should be taken from each sampling place. The samples can turn out to be different on
Second, do not take boulders of their natural size; they are too heavy to carry. It
is a good idea to take a hammer with you and break stones into pieces directly at the
site, so they can be identified and placed in the collection (size usually ranges from the
size of a walnut to a fist).
Third, each collected sample should be wrapped in separate packing, such as paper
or plastic bags, or in the simplest case wrapped in a sheet of paper.
Fourth, a label should be filled in for each sample. The label contains detailed
description of the sampling site: its administrative and local position, layer (soil
horizon), where the sample has been taken from (depth, thickness of the horizon, and main
composition of the horizon or layer), and initial size of the sample (if it has been
broken). It is also necessary to write down the date and author of the sample collection.
If samples are collected in bags, then labels are written down on pieces of paper,
which are put into the bag. If samples are wrapped in paper – label data is written down
on the wrapping paper. Minerals and rocks can be identified in the field, but it is more
convenient to identify them in the lab.
When students return to the lab, they should sort out all the samples. A large table
will work best. Initial sorting is conducted according to sampling sites. Samples that are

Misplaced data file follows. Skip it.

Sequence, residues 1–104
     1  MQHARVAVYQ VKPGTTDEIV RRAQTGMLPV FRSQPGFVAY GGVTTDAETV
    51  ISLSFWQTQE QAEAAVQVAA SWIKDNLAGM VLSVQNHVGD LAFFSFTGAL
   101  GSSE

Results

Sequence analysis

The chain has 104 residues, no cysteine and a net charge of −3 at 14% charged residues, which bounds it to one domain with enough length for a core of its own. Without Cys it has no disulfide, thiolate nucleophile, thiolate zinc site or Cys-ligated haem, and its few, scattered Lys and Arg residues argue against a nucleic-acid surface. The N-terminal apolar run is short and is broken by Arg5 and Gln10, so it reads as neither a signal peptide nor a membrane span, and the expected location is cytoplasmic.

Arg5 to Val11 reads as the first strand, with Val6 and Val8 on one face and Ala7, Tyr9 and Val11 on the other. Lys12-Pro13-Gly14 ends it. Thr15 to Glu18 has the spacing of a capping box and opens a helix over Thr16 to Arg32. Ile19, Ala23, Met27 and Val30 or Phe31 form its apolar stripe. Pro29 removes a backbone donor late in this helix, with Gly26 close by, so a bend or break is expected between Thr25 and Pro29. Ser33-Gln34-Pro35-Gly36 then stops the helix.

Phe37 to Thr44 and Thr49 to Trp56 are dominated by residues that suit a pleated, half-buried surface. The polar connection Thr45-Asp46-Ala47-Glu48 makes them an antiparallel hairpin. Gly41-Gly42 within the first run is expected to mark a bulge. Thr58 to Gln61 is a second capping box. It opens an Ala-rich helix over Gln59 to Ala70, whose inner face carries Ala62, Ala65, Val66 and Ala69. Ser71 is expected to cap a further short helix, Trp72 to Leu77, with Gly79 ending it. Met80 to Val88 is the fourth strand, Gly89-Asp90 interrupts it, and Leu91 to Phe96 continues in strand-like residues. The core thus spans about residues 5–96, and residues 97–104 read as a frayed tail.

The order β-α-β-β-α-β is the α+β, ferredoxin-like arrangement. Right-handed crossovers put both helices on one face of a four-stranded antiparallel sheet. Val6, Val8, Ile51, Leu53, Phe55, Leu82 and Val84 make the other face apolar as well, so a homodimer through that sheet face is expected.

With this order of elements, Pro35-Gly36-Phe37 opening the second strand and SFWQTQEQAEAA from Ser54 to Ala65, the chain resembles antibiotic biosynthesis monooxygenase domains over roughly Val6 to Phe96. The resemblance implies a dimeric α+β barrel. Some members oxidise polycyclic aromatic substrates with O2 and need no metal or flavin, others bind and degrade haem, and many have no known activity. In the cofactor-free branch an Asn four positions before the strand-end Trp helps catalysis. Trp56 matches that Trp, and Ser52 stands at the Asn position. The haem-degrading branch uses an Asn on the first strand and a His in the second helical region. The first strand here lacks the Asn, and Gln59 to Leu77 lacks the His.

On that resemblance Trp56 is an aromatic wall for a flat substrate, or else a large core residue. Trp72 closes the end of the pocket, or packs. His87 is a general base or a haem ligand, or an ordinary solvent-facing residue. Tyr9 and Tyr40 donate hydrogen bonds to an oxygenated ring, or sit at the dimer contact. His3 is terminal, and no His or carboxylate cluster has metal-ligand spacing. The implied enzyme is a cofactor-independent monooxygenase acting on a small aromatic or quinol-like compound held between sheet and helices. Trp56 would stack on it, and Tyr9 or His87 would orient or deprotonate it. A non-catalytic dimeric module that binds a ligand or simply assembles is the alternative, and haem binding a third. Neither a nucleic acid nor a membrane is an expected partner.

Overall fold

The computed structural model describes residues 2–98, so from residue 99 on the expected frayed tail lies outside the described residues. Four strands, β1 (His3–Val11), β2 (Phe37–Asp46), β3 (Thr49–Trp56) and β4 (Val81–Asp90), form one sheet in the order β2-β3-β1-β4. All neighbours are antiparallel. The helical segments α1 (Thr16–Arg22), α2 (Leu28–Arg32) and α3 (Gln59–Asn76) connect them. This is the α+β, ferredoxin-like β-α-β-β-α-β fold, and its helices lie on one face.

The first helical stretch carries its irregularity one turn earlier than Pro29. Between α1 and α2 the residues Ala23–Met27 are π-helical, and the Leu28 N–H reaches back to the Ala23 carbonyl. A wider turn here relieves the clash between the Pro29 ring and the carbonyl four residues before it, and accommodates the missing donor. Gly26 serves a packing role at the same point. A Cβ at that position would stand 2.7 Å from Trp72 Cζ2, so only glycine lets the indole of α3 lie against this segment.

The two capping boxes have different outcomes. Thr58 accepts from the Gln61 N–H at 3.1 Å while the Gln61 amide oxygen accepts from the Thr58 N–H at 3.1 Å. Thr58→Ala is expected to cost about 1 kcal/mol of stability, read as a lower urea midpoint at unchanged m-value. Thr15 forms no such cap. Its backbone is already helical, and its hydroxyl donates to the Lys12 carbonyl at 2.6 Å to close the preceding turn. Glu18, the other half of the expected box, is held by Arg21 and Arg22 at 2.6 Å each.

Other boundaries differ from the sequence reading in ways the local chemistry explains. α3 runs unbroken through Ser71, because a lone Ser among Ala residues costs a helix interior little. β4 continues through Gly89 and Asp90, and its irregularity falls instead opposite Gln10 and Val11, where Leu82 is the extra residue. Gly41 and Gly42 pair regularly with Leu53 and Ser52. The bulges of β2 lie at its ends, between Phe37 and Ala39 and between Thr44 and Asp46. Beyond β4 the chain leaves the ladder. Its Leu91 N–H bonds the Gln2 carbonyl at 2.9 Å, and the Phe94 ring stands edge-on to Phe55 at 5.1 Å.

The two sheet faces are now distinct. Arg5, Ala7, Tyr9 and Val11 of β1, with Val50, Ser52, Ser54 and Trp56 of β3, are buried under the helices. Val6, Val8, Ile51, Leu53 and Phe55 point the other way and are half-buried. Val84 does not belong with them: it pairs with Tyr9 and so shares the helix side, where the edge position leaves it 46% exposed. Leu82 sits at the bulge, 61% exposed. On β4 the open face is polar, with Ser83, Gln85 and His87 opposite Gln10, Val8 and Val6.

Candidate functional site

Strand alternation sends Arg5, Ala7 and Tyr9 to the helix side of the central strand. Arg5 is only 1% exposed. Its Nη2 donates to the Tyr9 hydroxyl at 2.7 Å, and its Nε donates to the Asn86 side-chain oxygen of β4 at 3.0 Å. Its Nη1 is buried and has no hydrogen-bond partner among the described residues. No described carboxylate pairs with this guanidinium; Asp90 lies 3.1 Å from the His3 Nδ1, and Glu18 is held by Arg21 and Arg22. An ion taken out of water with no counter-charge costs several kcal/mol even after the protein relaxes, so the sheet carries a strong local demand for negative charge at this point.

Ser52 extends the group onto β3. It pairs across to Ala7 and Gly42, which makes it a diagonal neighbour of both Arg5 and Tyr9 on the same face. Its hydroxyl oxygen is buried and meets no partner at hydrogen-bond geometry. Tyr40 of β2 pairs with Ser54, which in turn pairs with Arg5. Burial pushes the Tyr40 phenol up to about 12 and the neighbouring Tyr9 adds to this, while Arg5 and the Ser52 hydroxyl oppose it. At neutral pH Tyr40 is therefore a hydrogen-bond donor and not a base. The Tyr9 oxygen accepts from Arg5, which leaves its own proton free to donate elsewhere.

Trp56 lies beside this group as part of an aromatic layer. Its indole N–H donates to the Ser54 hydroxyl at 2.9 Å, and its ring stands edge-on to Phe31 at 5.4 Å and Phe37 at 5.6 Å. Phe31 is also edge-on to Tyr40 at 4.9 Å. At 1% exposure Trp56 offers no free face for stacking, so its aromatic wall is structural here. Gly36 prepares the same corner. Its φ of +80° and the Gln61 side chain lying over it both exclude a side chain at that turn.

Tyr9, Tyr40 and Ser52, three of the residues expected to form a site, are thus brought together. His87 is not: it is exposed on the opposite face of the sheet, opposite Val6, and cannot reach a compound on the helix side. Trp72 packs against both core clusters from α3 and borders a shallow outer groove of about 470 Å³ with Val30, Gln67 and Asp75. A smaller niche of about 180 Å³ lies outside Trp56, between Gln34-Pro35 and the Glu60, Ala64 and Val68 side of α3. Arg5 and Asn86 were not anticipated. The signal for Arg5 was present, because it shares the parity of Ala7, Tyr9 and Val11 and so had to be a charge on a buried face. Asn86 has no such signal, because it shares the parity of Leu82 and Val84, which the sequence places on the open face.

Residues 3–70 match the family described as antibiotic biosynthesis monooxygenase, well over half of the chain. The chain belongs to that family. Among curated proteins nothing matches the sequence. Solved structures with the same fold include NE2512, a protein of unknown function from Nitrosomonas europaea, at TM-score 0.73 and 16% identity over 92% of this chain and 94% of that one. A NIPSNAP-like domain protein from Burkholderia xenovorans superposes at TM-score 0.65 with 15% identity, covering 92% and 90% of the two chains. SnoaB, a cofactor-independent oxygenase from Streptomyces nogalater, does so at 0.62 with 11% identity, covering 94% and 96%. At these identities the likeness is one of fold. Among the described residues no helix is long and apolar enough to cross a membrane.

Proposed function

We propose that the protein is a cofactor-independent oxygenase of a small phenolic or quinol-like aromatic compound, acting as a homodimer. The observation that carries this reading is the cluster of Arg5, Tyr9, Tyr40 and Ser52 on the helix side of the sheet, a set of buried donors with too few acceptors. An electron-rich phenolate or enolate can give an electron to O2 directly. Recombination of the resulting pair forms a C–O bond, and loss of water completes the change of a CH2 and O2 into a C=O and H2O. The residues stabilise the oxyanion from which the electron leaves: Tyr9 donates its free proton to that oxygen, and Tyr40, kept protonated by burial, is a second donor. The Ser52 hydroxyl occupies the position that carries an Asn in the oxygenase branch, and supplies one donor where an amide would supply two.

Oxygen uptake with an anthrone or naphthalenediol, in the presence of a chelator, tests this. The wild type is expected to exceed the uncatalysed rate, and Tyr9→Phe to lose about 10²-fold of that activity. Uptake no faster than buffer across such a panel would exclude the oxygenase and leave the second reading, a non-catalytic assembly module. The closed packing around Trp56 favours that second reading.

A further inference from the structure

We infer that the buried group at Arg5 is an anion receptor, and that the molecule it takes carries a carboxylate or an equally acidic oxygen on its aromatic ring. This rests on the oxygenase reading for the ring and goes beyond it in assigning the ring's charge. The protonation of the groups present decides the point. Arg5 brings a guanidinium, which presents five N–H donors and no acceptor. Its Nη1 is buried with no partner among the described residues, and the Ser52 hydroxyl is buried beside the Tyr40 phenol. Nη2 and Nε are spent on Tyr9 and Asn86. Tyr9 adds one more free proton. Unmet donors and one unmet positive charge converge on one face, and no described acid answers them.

common for different places (according to their appearance) are revealed in each sampling
site collection. Common minerals and rocks usually make up from fifty to...
This was only the first page from the manual and its full version you can see in the
Ecological Field Studies 4CD Set:
It is possible to purchase the complete set of 40 seasonal Ecological Field
Study Materials (video in mpg + manuals in pdf formats) in an attractive 4 compact disk set.
These compact disks are compatible with Mac and PC computers.
The teacher background information and manuals can be printed out for easy reference.
The videos are suitable for individual student or whole class instruction. To purchase the complete 4CD set
write to email@example.com in a free form.
Some of these manuals you can also purchase in the form of applications for Android devices on
Ecological Field Studies Demo Disk:
We also have a free and interesting demonstration disk that explains our ecological field studies approach.
The demo disk has short excerpts from all the seasonal field study videos as well as sample text from all the teacher manuals.
The disk has an entertaining automatic walk through which describes the field study approach and explains how field studies meet education standards.
You can also download the Demo Disc from ecosystema.ru/eng/eftm/CD_Demo.iso.
This is a virtual hybrid (for PC and Mac computers) CD-ROM image (one 563 Mb file "CD_Demo.iso").
You can write this image to the CD and use it in your computer in ordinary way.
You also can use emulator software of virtual CD-ROM drive to play the disk directly from your hard disk.
Other Ecological Field Studies Instructive